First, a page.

[dropcap]G[/dropcap]rowing up in Brewton was marvelous,” said my mother-in-law, Mary. “We had wonderful childhoods before technology came along.”

Miss Mary talks like an Alabaman, drawing out her vowels. To me, Mary sounds like a Vivien Leigh recording.

Played at half-speed.

“Our town was very rural,” Miss Mary said. “And uppity at the same time. That’s how small Alabama towns are.”

I asked her to explain.

She was glad to.

“My family was an ordinary Brewton family,” she said. “Mother and Daddy weren’t poor, but they weren’t rich. They lived in the middle of town. You would’ve thought I’d be a prim and proper in-town girl, but I wasn’t. At least not all the way.”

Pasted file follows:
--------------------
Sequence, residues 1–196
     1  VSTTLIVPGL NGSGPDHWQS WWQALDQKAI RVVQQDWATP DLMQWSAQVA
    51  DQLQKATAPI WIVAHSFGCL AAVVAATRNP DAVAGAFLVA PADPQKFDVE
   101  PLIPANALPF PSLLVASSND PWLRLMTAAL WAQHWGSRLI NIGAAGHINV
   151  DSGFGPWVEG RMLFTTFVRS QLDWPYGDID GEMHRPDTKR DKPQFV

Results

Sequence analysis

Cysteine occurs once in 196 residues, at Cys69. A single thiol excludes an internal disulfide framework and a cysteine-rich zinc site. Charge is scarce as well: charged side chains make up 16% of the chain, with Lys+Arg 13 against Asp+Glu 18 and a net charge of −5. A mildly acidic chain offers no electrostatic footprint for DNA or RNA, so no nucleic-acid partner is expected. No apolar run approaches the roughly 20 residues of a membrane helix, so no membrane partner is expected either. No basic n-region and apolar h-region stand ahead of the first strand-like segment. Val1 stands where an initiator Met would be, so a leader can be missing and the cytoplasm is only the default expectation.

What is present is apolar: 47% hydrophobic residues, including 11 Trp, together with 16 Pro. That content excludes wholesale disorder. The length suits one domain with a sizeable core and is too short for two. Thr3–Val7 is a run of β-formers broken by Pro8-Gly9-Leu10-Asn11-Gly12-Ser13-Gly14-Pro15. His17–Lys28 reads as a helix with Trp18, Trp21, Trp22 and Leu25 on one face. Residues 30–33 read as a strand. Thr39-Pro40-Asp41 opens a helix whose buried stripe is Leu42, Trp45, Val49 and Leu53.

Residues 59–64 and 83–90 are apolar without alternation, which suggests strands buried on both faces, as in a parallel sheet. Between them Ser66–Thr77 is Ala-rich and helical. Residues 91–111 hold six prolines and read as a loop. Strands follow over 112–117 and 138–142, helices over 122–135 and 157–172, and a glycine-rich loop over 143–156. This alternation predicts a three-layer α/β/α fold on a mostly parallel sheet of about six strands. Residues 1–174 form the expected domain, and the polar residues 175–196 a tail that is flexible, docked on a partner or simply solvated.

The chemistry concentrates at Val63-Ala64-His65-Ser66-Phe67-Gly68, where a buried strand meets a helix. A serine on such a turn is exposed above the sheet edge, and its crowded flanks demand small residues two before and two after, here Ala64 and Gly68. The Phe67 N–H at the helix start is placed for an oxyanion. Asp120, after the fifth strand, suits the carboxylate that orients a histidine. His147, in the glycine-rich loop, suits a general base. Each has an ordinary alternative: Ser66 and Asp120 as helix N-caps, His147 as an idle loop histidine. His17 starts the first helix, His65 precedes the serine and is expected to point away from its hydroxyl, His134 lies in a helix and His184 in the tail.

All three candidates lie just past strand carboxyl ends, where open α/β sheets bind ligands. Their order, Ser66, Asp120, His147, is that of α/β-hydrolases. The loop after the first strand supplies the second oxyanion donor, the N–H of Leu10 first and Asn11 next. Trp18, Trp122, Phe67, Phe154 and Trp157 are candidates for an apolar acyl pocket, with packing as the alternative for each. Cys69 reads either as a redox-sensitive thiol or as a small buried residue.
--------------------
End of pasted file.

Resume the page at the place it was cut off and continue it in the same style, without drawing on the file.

“How do you mean?” I asked.

“Well,” Mary went on to say. “I had the strangest pets you ever heard of. I had a pet raccoon once. He washed his hands in his water bowl before supper every single night. Like this.” Miss Mary demonstrated. “I also had a pet squirrel, a black snake, three geckos, stray cats, and a teenage possum.”

I interrupted. “Teenage?”

“Yes, you know, a possum that’s going through puberty.”

How silly of me.

“I also had a pet alligator, named Robert E. Lee,” said Mary. “He slept in a shoebox. He was my favorite, God rest his soul.”

“What happened to Robert?”

“Robert E. Lee,” she corrected. “Well, one January day, Robert E. Lee quit moving. Daddy buried him in the backyard. We had a funeral service and everything. I even wore a black armband to school.”

Miss Mary shook her head. “I had no idea alligators hibernated in January.”

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